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Taiwan TV station in media freedom row gets Internet boost

Taiwan TV station in media freedom row gets Internet boost

Media freedom slogans are displayed at the front entrance to Taiwan's CTi television building in Taipei on Nov 18, 2020. (Photo: AFP/Sam Yeh)

TAIPEI: A Taiwan television station at the centre of a dispute over media freedom that could be forced off the air this week has received a boost to its online presence, a senior executive said on Thursday (Dec 10), as it prepares to shift its focus to the Internet.

Taiwan's National Communications Commission said last month it would not renew CTi's broadcasting licence, citing evidence of interference from a tycoon with major business interests in China, amid fears of Beijing's efforts to win support on the Chinese-claimed, democratic island.

CTi's major shareholder, Tsai Eng-meng, runs one of China's largest food firms, Want Want China Holdings.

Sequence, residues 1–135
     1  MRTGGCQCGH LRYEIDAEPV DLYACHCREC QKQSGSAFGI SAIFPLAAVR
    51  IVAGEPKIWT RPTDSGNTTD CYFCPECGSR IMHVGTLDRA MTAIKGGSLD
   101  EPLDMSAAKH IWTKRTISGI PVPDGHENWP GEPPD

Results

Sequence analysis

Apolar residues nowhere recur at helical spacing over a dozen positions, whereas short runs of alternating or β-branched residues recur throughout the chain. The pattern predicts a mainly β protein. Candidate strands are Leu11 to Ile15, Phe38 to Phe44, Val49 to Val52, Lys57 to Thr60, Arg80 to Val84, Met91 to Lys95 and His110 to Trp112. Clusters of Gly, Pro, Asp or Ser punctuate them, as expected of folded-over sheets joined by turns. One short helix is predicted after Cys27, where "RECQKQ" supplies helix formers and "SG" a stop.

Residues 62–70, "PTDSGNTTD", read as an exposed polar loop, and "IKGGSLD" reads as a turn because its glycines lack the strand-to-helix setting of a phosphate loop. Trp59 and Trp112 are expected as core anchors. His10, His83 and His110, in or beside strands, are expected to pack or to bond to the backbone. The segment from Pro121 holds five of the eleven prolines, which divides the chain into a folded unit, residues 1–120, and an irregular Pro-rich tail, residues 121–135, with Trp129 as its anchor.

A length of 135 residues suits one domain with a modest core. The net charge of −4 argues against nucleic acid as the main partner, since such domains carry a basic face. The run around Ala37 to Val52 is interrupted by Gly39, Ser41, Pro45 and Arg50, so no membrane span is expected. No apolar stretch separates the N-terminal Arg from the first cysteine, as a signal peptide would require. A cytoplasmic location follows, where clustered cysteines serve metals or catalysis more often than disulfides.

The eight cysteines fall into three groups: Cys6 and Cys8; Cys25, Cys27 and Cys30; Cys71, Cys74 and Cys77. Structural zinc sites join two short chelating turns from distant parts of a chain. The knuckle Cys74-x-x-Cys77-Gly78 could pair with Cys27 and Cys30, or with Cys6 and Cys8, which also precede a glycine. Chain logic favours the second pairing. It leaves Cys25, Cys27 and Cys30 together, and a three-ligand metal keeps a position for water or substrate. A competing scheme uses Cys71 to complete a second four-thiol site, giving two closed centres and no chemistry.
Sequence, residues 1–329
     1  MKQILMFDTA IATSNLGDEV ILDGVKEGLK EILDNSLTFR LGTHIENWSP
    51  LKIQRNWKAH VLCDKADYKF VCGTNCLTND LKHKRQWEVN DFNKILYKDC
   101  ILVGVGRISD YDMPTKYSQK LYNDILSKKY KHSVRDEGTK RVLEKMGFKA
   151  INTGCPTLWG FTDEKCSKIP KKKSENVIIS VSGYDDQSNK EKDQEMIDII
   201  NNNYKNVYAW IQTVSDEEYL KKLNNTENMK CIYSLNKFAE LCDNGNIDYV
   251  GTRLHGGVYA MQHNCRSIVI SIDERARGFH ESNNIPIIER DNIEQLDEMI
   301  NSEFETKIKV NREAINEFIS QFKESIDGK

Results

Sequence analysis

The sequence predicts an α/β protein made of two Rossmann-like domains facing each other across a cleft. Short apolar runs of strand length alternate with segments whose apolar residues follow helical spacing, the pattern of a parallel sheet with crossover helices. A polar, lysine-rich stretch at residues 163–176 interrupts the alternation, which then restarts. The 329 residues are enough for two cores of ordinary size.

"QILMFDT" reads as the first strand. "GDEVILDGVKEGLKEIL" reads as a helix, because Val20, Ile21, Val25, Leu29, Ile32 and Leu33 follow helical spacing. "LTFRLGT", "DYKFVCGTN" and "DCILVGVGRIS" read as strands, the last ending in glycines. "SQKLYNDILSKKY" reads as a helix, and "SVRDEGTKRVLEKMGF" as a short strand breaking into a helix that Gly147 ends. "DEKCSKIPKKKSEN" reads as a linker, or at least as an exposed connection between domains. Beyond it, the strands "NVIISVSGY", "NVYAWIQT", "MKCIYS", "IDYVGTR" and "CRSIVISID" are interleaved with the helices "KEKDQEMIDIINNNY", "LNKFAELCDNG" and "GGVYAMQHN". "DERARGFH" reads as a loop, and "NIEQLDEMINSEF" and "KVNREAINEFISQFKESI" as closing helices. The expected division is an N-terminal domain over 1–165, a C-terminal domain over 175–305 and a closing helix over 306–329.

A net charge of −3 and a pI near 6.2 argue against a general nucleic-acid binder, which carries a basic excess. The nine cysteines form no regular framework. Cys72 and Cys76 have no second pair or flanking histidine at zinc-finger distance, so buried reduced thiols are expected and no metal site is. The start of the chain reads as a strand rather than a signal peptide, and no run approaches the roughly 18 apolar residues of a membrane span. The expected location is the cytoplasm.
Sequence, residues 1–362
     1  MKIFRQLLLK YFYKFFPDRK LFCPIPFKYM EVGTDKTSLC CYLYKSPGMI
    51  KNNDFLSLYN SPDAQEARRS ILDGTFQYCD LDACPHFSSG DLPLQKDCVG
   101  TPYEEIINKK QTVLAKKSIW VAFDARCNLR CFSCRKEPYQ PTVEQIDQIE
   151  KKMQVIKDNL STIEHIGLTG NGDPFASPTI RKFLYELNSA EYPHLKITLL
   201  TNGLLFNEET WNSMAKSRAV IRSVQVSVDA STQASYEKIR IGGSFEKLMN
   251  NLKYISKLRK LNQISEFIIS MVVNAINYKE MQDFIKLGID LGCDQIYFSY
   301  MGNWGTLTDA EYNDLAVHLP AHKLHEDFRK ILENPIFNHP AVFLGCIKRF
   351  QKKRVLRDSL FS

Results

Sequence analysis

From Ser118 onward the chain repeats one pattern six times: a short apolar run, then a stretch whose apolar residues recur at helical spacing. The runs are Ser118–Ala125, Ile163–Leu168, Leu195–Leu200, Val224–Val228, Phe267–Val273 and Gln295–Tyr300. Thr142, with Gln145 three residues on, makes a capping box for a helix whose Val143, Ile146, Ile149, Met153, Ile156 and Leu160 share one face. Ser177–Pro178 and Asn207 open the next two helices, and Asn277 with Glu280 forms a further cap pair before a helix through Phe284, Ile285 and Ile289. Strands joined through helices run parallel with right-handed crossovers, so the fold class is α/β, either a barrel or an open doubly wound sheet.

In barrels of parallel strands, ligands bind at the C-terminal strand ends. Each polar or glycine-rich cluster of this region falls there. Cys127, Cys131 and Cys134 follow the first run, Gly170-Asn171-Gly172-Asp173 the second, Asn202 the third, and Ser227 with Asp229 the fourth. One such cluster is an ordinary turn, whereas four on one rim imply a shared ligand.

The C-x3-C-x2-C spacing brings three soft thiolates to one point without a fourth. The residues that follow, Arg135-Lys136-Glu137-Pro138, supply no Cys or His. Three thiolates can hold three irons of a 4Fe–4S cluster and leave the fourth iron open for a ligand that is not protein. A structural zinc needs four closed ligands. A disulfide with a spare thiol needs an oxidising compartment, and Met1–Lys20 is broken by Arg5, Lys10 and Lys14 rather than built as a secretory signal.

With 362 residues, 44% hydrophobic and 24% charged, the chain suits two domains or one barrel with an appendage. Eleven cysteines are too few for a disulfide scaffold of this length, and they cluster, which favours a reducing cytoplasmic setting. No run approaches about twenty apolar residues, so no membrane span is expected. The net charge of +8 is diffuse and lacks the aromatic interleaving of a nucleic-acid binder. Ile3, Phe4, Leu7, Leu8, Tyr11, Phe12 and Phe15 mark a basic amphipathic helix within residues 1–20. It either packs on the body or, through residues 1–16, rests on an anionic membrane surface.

The company and Taiwan's main opposition Kuomintang party have denounced the regulator's decision not to renew the licence as censorship aimed at silencing voices critical of President Tsai Ing-wen.

Tsai and her government have rejected that, saying the decision was made by an independent body and not subject to interference.

READ: 'China is angry' - Taiwan anxiety rises as sabre-rattling grows

Sky Liang, the vice president of CTi's news department, told Reuters it would keep broadcasting, but online, and that its YouTube channel had gained about 440,000 new subscribers in the last few weeks, taking its tally to 1.7 million.

"We've been forced to become new media. Doubtless this is a big challenge, but everyone has prepared themselves psychologically," Liang said, adding they were looking at Instagram and Facebook as other areas for development.

The channel is due to go off air at midnight on Friday, though it has lodged a legal appeal to stop this.

Formerly a dictatorship, Taiwan is an exuberant democracy but it has a deeply partisan media, and many Taiwanese view CTi, which began operations in 1994, as being pro-China or "red media", a reference to China's ruling Communist Party.

Liang said that was an unfair, "malicious" accusation, and that they took neither instructions nor money from Beijing.

"I've been at CTi for a long time, and as a senior executive in the news department. I've never come under any pressure from China or (its) Taiwan Affairs Office on what news to report or not report."

Source: Reuters/dv

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